“However, greater price stability was witnessed between January 1, 2023 and the mid-year renewals. The mid-year placements also saw movement on minimum rate on line levels and greater reinsurer willingness to deploy capacity at lower rates,” he continued.

“The focus of negotiations in many cases since January 1 has transitioned from one of capacity, to a more pragmatic and considered discussion centred on price, attachment levels and coverage. Many retro providers have made clear their stance around minimum attachment levels that often exclude potential exposure to higher frequency perils and attritional losses,” Boyce said.

Richard Morgan, head of non-marine specialties, added: “The ability of cedents to navigate the widest potential pool of capacity or capital providers will be important when optimising retrocession strategies in 2024.

“Current hard market dynamics, when expected margins look positive, create the right time for buyers to develop extensive relationships across both the traditional and alternative markets in order to create competitive tension not just for the January 1, 2024 negotiations, but through the wider market cycle.”


  • · The energy market faces continuing challenges from the Russia-Ukraine conflict, contending with a reduced premium level resulting from global sanctions.
  • · Marine reinsurers have been consistent in excluding losses on land and limiting cover available for voyages and shipping risks within the conflict zone.
  • · Renewals for programs with war, terrorism and political violence exposures are likely to remain challenging.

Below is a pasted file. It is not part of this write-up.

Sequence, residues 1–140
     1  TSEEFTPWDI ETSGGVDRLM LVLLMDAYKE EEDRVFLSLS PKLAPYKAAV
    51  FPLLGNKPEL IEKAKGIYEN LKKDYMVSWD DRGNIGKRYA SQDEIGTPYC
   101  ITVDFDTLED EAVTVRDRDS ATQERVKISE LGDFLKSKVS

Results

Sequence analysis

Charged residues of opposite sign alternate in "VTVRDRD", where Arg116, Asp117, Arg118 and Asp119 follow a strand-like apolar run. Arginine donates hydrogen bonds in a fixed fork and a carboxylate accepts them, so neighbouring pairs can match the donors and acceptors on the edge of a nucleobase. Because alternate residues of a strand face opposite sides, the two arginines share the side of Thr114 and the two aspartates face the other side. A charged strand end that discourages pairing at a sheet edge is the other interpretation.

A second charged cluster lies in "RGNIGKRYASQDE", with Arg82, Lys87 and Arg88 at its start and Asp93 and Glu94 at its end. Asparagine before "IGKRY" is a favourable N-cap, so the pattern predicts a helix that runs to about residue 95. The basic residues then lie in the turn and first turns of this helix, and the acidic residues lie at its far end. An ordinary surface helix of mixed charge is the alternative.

• · There is likely to be increased demand for renewable products, alongside a continuing need for coverage of legacy fossil fuel assets through the energy transition.

James Summers, deputy CEO of global specialties and global head of marine and energy specialty, said: “With an ongoing military conflict in Europe and the potential for an escalation in geopolitical tensions in other parts of the world, the marine market finds itself in uncharted territory as it assesses the current and future impact on vessel movements.”

Nick Jay, deputy global head of marine and energy specialty, said: “Inflation is still a significant factor for both insurers and reinsurers in the marine and energy markets.

“While insured values are customarily adjusted in line with rising inflation, the cost of repairs and potential time delays are both issues for the market. Inflation is also driving demand for more limit as values are reassessed,” he said.

Summers added: “Guy Carpenter believes that the focus at renewals should be on what the client needs to buy, and negotiations should be transparent, data-led, and appropriate. Data continues to be key to understanding the original risk and finding alignment between insurers and reinsurers.”


  • · Trade credit, bond & political risk has remained relatively stable, with no major price increases.
  • · Despite a general over-supply of reinsurance capacity, there has been some under-deployment by reinsurers cautious about the underlying risk environment.
  • · Inflation has been more of a concern than the RussiaUkraine conflict, due to the impact on costs and exposure growth; this is expected to change as related claims eventually come through.
  • · Quote ranges at January 1, 2024 are likely to begin from a narrower base than at 2023, with factors including the performance of individual cedents influencing the spread.

“The prevailing sentiment has been a sense of realism about rate developments, with insurers more focused on favourable conditions and capacity than price, and maintaining long-term, reliable relationships with reinsurers rather than pushing for marginal rate reductions,” said David Edwards, co-head, credit, bond and political risk.

“Despite a general over-supply of reinsurance capacity for credit risks, there has been under-deployment by reinsurers, who typically remain more cautious than insurers about the risk environment,” he continued.

“There will be even greater onus on cedents to provide the maximum possible data with detailed quality information provided early being indispensable for generating the best negotiating position. Mid-year renewals have already demonstrated that there is tangible value in supplying more granular data earlier in the process,” Edwards added.